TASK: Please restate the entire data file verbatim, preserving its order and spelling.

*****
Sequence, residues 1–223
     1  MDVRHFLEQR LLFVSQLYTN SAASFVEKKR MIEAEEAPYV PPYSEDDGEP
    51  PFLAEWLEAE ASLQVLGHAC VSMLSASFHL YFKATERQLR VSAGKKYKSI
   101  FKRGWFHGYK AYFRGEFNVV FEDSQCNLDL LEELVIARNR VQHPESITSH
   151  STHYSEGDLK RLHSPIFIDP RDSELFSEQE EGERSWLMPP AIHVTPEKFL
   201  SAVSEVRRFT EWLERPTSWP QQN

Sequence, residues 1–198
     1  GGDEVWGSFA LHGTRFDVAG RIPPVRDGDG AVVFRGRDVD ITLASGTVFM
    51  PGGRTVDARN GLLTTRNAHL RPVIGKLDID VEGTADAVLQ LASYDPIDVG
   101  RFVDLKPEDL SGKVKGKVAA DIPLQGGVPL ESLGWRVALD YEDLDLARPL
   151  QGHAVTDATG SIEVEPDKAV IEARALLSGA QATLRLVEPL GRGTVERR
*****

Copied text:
Sequence, residues 1–223
     1  MDVRHFLEQR LLFVSQLYTN SAASFVEKKR MIEAEEAPYV PPYSEDDGEP
    51  PFLAEWLEAE ASLQVLGHAC VSMLSASFHL YFKATERQLR VSAGKKYKSI
   101  FKRGWFHGYK AYFRGEFNVV FEDSQCNLDL LEELVIARNR VQHPESITSH
   151  STHYSEGDLK RLHSPIFIDP RDSELFSEQE EGERSWLMPP AIHVTPEKFL
   201  SAVSEVRRFT EWLERPTSWP QQN

Sequence, residues 1–198
     1  GGDEVWGSFA LHGTRFDVAG RIPPVRDGDG AVVFRGRDVD ITLASGTVFM
    51  PGGRTVDARN GLLTTRNAHL RPVIGKLDID VEGTADAVLQ LASYDPIDVG
   101  RFVDLKPEDL SGKVKGKVAA DIPLQGGVPL ESLGWRVALD YEDLDLARPL
   151  QGHAVTDATG SIEVEPDKAV IEARALLSGA QATLRLVEPL GRGTVERR